The #1 Job Search Mistake You Can Make

Job Search graphicLooking for a job or a root canal?

So, you’ve found yourself in the job market again. Perhaps it is of your own choosing, or perhaps you never thought this could happen to you.

Regardless of how you got here, the fact is…you’re here. And you are perhaps thinking that a root canal would be preferable to looking for a job.

At least they give you drugs at the dentist office

There are some similarities: with both the root canal and the job search, you’ll feel much better when it’s over; you’ll also be very sensitive during either process.

The main difference, as I see it, is that they give you drugs to help you through the root canal.

You’re going to have to face the job search without pain medication (I don’t recommend self-medicating).

If you haven’t been in the job market for some time, you may not realize that the way people go about getting great jobs has changed dramatically.

Notice I said great jobs – that is what you’re looking for, isn’t it?

There are four job searching realities you really must accept in order to move successfully into your next career role.

In this article, I want to address the most important reality.

Job boards can’t be the only tool in your arsenal

Reality #1: Your job search cannot be focused solely on looking at job boards.

Here’s what you’re doing: you’re looking at the same positions that thousands of people are looking at—even those who aren’t actively job seeking.

This means your resume will be part of a large applicant pool with stiff competition.

I’m not suggesting that you eliminate this tool from your arsenal, but I am suggesting that you minimize the amount of time you spend on this tool due to the low ROI.

Networking is the name of the game

Let’s think about how companies go about the hiring process. Increasingly, companies are turning to their internal network—including their existing employees—to find great candidates.

Some companies even have structured incentive plans that reward employees for recommending people who are then hired.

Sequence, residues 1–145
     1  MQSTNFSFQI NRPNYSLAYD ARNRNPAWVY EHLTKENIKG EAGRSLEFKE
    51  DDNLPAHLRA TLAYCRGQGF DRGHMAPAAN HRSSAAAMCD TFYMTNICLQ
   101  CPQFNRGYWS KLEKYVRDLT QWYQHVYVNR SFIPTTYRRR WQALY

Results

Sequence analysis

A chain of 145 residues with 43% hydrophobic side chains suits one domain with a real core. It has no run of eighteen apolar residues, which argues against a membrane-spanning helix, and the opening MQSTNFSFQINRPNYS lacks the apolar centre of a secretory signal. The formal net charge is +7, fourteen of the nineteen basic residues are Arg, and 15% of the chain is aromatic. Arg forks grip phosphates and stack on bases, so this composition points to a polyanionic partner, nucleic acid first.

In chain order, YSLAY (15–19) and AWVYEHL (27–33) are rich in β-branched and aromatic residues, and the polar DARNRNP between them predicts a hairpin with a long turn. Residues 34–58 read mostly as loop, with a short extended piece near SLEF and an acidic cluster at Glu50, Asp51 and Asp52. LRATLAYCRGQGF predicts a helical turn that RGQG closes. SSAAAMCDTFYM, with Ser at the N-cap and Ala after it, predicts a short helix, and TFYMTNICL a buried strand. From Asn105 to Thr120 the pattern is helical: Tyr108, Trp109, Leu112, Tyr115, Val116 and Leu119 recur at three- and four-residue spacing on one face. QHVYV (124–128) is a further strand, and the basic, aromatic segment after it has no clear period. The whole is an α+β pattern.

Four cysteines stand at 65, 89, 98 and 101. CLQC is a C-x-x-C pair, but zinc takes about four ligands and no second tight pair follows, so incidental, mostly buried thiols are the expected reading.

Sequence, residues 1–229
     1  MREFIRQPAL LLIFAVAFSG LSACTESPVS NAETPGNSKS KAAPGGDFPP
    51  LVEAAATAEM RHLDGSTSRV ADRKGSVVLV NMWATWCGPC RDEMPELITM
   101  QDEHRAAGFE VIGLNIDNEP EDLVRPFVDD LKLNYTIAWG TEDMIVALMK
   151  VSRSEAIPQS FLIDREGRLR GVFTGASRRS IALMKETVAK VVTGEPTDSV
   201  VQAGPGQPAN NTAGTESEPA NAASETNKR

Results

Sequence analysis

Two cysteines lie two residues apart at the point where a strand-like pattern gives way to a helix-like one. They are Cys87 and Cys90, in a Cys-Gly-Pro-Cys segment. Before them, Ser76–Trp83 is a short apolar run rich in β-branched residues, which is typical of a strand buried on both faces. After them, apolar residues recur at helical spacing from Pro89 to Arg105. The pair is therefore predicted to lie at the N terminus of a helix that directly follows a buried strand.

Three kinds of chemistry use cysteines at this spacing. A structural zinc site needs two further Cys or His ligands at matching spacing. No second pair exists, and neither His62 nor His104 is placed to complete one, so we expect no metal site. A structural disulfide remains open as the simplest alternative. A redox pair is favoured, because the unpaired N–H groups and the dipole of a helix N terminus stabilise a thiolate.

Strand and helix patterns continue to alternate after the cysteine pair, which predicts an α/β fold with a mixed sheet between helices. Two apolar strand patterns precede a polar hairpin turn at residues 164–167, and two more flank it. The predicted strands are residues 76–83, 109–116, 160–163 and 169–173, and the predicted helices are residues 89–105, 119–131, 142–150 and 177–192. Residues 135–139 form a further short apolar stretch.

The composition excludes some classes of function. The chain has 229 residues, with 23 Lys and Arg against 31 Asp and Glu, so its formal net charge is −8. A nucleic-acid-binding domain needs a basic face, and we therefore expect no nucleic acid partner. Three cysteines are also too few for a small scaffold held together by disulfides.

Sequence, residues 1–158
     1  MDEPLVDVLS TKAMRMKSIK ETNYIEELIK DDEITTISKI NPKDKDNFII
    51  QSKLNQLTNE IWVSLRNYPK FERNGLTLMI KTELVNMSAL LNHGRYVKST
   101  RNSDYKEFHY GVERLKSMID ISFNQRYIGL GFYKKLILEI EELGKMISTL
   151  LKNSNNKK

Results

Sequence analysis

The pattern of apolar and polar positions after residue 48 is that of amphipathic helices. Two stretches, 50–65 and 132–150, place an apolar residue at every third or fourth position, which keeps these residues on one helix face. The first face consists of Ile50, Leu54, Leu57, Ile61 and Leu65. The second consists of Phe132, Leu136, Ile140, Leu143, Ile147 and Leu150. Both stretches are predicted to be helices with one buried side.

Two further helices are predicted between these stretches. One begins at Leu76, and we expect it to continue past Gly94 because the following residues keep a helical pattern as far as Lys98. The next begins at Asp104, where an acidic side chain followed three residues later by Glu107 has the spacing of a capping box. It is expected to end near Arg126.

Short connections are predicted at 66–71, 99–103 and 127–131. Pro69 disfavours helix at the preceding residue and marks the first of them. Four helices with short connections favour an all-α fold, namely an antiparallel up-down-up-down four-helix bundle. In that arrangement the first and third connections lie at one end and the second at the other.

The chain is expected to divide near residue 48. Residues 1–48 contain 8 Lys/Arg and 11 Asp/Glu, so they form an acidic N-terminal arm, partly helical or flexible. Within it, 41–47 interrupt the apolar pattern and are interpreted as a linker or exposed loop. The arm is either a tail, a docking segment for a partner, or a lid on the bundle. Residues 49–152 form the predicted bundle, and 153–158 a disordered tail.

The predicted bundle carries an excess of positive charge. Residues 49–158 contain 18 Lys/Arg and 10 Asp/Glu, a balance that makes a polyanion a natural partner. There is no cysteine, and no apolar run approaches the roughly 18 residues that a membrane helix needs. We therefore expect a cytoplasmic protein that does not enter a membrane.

Think about it: if your company is looking for an outstanding accountant, would you rather put an ad online and have to sift through the dozens of applications you receive from strangers, or would you prefer to ask a couple of your outstanding accountants who they would recommend for the position?

Yeah, I thought so.

 

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Don’t Make This Job Search Mistake

Job Search Candidate using computer to apply online

Okay, so you’ve decided to conduct an effective job search rather than having that root canal…good for you. Remember, no self-medicating.

Reality #1 explained the reason that passive job searches (comprised primarily of looking at job boards) are not effective. So what’s the alternative?

Bear with me as I paint a picture for you: You have a medical condition. You’ve identified what that condition is, but you haven’t yet found a medical practitioner to treat you.

Do you a) actively seek the right practitioner, based on referrals, research you conduct, whatever it takes to get the right doctor for you; or b) wait at home, looking online for doctors who are advertising for a patient just like you?

Of course, you are proactive—after all, this is your health we are talking about! You wouldn’t wait at home, and yet this is just how many people conduct their job search.

Please, Mr. Wonderful Employer, send me a sign (job notice) that you are looking for me.

It’s time to shift your thinking; it’s time for you to get into the driver’s seat of your own job search.

Which brings us to Job Search Reality #2: Your job search must be targeted. Throwing resumes out into the ether for positions you see online will probably not get you’re the results you desire, nor will applying for every position you’re even remotely qualified for.

So, what does work? Doing the work to determine what your brand is, what your ideal next position is, and which companies hire someone to do that job.

Of those companies that hire people like you, which ones are a good fit for you? It doesn’t matter what you value in an employer—it only matters that you seek out employers who provide what you value.

Notice what I didn’t say: “Which companies are currently hiring people like me?” If they are already advertising for you, then we’re back to Reality #1: looking at job boards.

Your goal should be to gain access to the hidden job market: those positions that aren’t advertised yet, may never be advertised if the company can find a qualified candidate by other means, aren’t known to the company yet (Mr. Manager is announcing his resignation next week), or don’t even exist.

You heard me right…don’t even exist. Companies routinely hire top-notch candidates and then find a perfect fit for them. Jim Collins, author of Good to Great, calls it “getting the right people on the bus.”